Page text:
George Levi's images of the Sand Creek Massacre as ledger art are in this video produced by Colorado PBS.
As we ponder whether there will be any kind of just resolution in North Dakota with the Pipeline issue, and as we await any news about the 21 year old woman who was hit with a projectile and may have to have her arm amputated after being helicoptered to Minneapolis, I am honored to present this article sent to me by one of my best Native Artists, George Curtis Levi, Southern Cheyenne.
George has done so much ledger art, lecturing, and videotaping on this grim subject that Smithsonian's Native magazine gave him and his cousin a 14 page spread not long ago.
Here are two of his images:
One Colorado Morning, exhibited at the Clark County Historical Museum:
see also: click here
This one depicts Captain Soule, who stands out as one of the few honorable men in those times:
This is the massacre on November 29, 1864, that really makes Custer with his egregious genocide seem like an altar boy when compared to Colonel John Chivington of the Sand Creek, a Methodist minister who declared once that his religion was killing Indians.
Colorado's Governor Evans, after the outcry in his own legislature, had to step down, and we think something similar should occur with North Dakota's Governor Dalrymple, even if he is NOT prosecuted by the next administration's Department of Justice. Google George Curtis Levi and Sand Creek Massacre to read that moving story, and there is a whole chapter on it in that great historical classic, BURY MY HEART AT WOUNDED KNEE.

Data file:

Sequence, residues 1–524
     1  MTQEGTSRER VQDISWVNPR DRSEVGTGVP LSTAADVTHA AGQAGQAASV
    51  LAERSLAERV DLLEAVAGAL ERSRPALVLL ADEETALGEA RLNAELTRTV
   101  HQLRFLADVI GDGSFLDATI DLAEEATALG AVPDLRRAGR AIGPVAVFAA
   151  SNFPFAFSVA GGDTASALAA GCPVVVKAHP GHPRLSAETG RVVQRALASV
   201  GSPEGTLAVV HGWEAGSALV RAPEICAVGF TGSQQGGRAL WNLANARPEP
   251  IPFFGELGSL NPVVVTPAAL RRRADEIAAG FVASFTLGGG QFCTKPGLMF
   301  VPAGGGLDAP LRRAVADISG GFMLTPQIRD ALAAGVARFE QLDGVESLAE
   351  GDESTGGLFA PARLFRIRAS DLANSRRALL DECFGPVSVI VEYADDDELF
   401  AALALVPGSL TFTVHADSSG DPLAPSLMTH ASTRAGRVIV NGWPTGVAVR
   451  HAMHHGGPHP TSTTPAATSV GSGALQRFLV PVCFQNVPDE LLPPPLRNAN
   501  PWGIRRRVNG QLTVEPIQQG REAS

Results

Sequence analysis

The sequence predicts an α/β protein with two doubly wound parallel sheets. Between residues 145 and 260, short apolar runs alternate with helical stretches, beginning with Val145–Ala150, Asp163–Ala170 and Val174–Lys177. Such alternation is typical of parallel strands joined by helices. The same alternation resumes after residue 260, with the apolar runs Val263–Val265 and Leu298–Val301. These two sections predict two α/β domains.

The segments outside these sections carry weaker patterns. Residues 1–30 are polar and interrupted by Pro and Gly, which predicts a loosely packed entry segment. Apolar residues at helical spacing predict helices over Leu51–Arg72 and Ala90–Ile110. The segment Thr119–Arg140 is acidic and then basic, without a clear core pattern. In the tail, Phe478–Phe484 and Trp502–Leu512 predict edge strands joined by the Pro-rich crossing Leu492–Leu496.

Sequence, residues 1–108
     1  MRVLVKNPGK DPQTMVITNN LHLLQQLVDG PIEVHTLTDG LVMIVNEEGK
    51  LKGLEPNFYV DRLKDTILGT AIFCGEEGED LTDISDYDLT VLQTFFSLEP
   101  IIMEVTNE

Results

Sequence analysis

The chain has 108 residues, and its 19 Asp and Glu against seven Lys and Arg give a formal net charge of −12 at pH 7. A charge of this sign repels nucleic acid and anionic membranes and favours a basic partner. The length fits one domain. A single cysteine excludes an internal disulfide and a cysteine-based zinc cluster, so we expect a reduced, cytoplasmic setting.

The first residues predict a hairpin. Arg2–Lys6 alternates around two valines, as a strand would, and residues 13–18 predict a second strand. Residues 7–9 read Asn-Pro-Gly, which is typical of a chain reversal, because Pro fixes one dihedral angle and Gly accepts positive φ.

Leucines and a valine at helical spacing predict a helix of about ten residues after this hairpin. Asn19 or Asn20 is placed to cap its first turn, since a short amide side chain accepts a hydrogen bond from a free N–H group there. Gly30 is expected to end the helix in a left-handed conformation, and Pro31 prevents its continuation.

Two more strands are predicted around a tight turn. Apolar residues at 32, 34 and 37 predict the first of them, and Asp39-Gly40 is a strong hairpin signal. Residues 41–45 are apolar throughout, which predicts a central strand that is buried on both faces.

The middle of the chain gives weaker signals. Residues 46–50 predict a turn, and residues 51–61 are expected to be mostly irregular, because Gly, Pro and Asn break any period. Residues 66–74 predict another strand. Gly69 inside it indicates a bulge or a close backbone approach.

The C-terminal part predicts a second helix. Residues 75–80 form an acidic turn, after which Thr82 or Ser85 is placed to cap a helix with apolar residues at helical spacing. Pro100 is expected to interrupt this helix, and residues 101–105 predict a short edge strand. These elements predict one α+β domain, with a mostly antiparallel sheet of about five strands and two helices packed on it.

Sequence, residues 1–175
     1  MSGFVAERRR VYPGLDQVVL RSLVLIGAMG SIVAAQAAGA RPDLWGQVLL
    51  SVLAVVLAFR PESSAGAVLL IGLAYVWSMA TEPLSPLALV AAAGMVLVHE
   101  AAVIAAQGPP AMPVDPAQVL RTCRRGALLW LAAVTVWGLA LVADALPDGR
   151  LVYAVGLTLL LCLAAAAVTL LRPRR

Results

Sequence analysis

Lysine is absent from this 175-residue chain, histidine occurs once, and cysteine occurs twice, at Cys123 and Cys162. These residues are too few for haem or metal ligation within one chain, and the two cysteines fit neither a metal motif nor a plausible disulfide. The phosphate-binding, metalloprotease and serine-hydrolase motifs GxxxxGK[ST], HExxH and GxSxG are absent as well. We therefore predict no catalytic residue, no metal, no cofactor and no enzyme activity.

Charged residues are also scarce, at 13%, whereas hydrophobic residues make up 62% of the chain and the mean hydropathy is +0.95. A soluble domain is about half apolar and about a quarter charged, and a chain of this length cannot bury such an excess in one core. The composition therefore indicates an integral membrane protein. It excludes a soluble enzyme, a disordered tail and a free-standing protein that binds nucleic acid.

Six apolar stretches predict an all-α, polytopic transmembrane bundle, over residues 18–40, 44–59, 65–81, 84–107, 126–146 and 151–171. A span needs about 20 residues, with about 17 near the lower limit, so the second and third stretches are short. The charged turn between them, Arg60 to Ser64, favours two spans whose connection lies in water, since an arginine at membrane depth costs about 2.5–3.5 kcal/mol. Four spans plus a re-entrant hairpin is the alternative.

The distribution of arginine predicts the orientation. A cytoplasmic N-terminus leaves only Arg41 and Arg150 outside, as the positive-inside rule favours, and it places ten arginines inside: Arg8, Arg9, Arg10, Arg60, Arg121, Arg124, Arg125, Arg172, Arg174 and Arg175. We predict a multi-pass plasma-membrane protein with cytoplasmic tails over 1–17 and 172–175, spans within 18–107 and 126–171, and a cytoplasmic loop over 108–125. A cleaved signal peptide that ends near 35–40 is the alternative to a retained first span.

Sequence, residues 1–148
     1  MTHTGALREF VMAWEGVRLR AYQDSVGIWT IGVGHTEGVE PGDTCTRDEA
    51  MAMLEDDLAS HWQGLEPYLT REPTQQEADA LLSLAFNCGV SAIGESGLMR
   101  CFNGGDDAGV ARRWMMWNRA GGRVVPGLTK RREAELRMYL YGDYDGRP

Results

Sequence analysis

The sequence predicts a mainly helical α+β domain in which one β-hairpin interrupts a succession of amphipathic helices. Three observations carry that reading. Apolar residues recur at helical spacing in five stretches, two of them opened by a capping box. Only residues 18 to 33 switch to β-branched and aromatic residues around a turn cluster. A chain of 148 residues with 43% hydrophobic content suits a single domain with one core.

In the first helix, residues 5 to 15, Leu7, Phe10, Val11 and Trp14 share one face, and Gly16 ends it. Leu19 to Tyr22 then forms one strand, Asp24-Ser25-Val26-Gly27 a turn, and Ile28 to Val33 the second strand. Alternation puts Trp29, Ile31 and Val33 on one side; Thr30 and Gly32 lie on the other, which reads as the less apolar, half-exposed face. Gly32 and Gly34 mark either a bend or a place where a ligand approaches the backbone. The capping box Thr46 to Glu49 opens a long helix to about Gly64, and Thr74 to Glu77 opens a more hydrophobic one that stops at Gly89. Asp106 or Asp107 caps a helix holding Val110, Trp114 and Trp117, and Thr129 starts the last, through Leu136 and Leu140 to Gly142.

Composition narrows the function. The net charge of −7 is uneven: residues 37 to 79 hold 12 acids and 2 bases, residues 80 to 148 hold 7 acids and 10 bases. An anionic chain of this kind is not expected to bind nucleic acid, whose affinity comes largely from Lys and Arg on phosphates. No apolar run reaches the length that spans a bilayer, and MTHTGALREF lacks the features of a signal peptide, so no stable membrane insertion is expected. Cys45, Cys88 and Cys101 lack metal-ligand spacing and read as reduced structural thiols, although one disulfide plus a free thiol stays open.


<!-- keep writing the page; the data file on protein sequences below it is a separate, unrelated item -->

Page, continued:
In one of its better moments, even the New York Times managed to publish an opinion/editorial on Sand Creek a few years ago by Ned Blackhawk, a professor of history and American studies at Yale and the coordinator of the Yale Group for the Study of Native America, is the author of "Violence Over the Land: Indians and Empires in the Early American West:
Thank you so much for sending this to me, George Levi, just in time for people to think about over Thanksgiving.
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